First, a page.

You’re So Hipster // Problems with Solutions (Part Three)

So, what’s so wrong with being cool? McCracken wrote an article in Christianity Today last September titled “Hipster Faith.” If you don’t want to take the time to read his book, this is a great introduction to what hipster Christianity can look like in churches.

“Welcome to the world of hipster Christianity. It’s a world where things like the Left Behind book and film series, Jesus fish bumper stickers, and door-to-door evangelism are relevant only as a source of irony or nostalgia. It’s a world where Braveheart youth-pastor analogies are anathema, where everyone agrees that they wish Pat Robertson “weren’t one of us” and shares a collective distaste for the art of Thomas Kinkade.” -McCracken

So, what makes a church a “hipster church”? This question can be simple and complex. You could start naming off physical attributes of a church and its congregation, but it is more important to ask whether or not a church is preaching the Truth. However, when choosing a church it is helpful to know its mission and who the church serves. McCracken lists many churches as hipster churches, among them are Mars Hill Church, Mars Hill Bible Church, Mosaic, Life on the Vine and Jacob’s Well. Some of these have been called ’emerging churches.’

McCracken outlines seven key aspects of an emerging church: Modernism is lame, Christianity is edgier and less safe than people think, the Church gets in the way of the Gospel, dialogue and conversations are better than argumentation and apologetics, story and narrative are better than propositions and systems, binaries are too simplistic, and what we do is more important than what we think or say.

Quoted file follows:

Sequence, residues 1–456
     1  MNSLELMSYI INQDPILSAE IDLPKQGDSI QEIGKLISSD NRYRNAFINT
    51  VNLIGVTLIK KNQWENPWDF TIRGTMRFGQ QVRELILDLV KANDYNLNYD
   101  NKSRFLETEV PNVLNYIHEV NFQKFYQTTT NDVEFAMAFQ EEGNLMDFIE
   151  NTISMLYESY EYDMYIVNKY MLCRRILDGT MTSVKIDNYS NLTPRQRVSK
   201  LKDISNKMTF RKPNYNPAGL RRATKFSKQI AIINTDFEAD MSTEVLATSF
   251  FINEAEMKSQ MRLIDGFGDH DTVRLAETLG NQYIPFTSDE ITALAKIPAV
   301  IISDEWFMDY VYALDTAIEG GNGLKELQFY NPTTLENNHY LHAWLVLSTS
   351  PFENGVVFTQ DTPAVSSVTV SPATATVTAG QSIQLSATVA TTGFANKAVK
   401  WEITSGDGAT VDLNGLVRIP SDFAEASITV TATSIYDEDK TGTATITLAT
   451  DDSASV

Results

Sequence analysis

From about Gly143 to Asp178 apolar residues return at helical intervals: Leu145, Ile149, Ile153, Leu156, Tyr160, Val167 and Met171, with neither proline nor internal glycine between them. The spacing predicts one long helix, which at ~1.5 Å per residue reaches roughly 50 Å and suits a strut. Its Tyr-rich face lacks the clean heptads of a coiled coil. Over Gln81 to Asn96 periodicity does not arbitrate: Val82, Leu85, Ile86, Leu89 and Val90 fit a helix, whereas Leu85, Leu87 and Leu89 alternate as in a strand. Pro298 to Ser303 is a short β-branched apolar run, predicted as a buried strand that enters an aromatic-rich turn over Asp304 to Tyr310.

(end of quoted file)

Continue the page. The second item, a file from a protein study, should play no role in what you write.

The emerging church has been controversial for the last decade or so. The three main critiques are: Who are we to reinvent the church? Is it just rebellion for the sake of rebellion? Is the church taking cues from culture instead of scripture?

There is some confusion on the difference between emerging and emergent. Here is an interview with Mark Driscoll discussing the difference:

I could talk about these concepts for days, but since this is just a blog post I will let you think about them and how they have and will impact your life. These topics affect many areas in our lives like politics, art, movies and music. It is important to reflect on the critiques of the emerging and emergent church because eighteen to twenty-two-year-olds are dropping out of churches rapidly. Wannabe hip churches are driving away the young and hip with disingenuous preaching, tacky lights and fog machines. As Christians we must not trust in your own abilities to keep your own church alive. We must trust in God to provide. Only He is relevant. Driscoll and Wells touch on the fact that churches are going out of business, unfortunately the church is not doing well.

“The born-again, marketing church has calculated that unless it makes deep, serious cultural adaptations, it will go out of business, especially the younger generations.” –David Wells, The Courage to Be Protestant

I don’t have the answers to these dilemmas but I have realized that it’s imperative that we realize God is the only one that will truly accept us. All that time spent in front of a mirror is wasted. It is a well known fact that self-obsession is un-Christian, but how often do we try to avoid the sin on a daily, or even hourly basis? The Bible has been relevant for ages but our hair styles and jean cut is only relevant for six months. Which do you spend more time thinking about? And how can the church be less self-obsessed?

There is so much scripture that pertains to these topics, but I was just studying Romans 12 and was really encouraged by it. It’s super convicting and shows how much we lack in giving love.

Marks of the True Christian (ESV) Romans 12:9-16

9 Let love be genuine. Abhor what is evil; hold fast to what is good. 10 Love one another with brotherly affection. Outdo one another in showing honor. 11 Do not be slothful in zeal, be fervent in spirit, serve the Lord. 12 Rejoice in hope, be patient in tribulation, be constant in prayer. 13 Contribute to the needs of the saints and seek to show hospitality.

14 Bless those who persecute you; bless and do not curse them. 15 Rejoice with those who rejoice, weep with those who weep. 16 Live in harmony with one another. Do not be haughty, but associate with the lowly. Never be wise in your own sight.


Lord, help us to be transcendent instead of transient, to focus on the eternal rather than the now and to feel hope rather than feel jaded. Help us to be more like your son, and increasingly more selfless rather than self-obsessed.

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